International student graduates’ report offers new options for career pathways
The new Grattan Institute report whose title is Graduates in limbo: International student visa pathways after graduation focuses primarily on graduates who want to gain permanent residency in Australia.
The Australian government has long maintained that not all international students come to study in Australia to gain permanent residency, many appreciate the high level of education available, the lower costs of gaining a degree compared with countries such as the US and the UK and many stay on temporary visas once they graduate to gain experience in their chosen career before heading home.
While the latest Grattan report states that only half of the international graduates secure full-time employment it also states that one in three returns to study in other vocational courses.
Australia’s current Temporary Graduate Visa (TGV) settings are more generous than those currently offered by other countries, both in terms of maximum length of stay and wide availability to graduates according to the Post-Study Work Rights Working Group Report.
However, the Grattan report does offer some interesting options for the government to consider enabling what it believes to be a better choice for international students’ post-graduation.
It states that Australia should offer shorter post-study work visas to international graduates. Visa extensions for graduates with degrees in nominated areas of shortage, and for living in the regions, should be scrapped. Instead, graduates should be eligible for an extension to their visa only if they earn at least $70,000 a year.
A suggestion was made for implementation of a new Exceptionally Talented Graduate permanent visa should be offered to the most talented international students immediately upon graduation. This would require a reform of the existing skilled visas to encourage talented graduates to stay, and to encourage employers to hire them. Suggestions were made that a visa reform should; allow Australian employers to be able to sponsor graduates earning more than $70,000 a year for a temporary visa, and those earning more than $85,000 a year for a permanent visa; offer points for characteristics that suggest applicants will succeed or have already succeeded in Australia.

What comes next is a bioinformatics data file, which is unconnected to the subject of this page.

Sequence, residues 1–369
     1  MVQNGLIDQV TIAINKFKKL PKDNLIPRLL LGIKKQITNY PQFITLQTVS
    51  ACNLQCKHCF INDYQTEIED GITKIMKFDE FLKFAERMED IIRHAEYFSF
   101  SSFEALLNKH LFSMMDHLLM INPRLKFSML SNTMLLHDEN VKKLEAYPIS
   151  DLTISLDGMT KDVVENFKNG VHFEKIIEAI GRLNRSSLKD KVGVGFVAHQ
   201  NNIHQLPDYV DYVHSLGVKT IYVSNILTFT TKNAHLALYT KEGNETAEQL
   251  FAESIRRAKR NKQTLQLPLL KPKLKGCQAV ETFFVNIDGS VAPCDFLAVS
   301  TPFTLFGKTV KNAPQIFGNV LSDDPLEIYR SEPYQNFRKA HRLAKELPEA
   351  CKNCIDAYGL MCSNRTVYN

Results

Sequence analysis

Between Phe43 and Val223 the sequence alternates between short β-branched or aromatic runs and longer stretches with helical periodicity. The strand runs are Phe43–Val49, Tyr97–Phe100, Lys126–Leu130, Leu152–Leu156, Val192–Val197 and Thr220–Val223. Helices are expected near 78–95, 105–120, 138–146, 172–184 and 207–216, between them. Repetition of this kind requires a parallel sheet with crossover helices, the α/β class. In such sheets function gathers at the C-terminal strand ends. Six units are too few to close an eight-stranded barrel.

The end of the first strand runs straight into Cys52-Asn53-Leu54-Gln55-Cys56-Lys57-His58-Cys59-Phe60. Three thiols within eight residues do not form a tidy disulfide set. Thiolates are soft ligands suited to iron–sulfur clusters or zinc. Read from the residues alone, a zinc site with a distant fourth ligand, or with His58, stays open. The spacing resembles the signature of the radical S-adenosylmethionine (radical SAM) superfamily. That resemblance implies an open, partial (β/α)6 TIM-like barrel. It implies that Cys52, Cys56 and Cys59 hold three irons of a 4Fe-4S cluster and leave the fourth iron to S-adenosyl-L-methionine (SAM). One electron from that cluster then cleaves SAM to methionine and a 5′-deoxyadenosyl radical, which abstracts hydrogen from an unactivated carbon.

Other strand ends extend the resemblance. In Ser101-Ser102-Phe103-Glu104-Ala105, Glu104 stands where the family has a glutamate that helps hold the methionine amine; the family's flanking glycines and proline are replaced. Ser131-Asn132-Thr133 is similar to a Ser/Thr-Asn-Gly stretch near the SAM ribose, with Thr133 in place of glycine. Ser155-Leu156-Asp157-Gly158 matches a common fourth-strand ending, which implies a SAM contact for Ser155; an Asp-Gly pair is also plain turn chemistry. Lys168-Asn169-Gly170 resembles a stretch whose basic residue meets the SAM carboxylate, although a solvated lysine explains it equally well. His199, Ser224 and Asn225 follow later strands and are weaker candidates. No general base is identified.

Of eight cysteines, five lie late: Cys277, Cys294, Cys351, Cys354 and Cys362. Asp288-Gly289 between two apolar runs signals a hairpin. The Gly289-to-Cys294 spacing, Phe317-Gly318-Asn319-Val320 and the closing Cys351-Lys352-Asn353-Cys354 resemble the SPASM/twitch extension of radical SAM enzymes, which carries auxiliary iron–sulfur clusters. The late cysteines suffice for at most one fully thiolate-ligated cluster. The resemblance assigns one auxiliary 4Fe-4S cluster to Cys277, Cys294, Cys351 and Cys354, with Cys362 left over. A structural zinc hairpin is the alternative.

Other suggestions for the government include: Launching a campaign designed to change employer attitudes about new graduates. Openning public sector graduate programs to international graduates. Designing universities support facilities to help international graduates build careers in Australia. Replace the fortnightly cap on international students’ work hours with an annual cap, to make it easier for students to gain valuable work experience while studying.
The report calls on the government to:
· Cut the duration of post-study work visas for international graduates.
· Raise the English language requirement for Temporary Graduate visa-holders.
· Limit Temporary Graduate visas to the age of 35 years (currently at 50) as for the working holiday program.
· Scrap visa extensions for graduates with degrees in nominated areas of shortage, and for graduates who live and work in designated regions.
· Only offer graduate visa extensions to international students who earn at least $70,000 a year.
· Create a new ‘Exceptionally Talented Graduate’ visa which offers a direct path to permanent residency for the most talented international graduates.
· Offer more help to international graduates who do stay to pursue their careers in Australia.
According to the Grattan Institute these reforms would cut the number of graduates unsure of their future in Australia and would ensure the country attracts the best international students.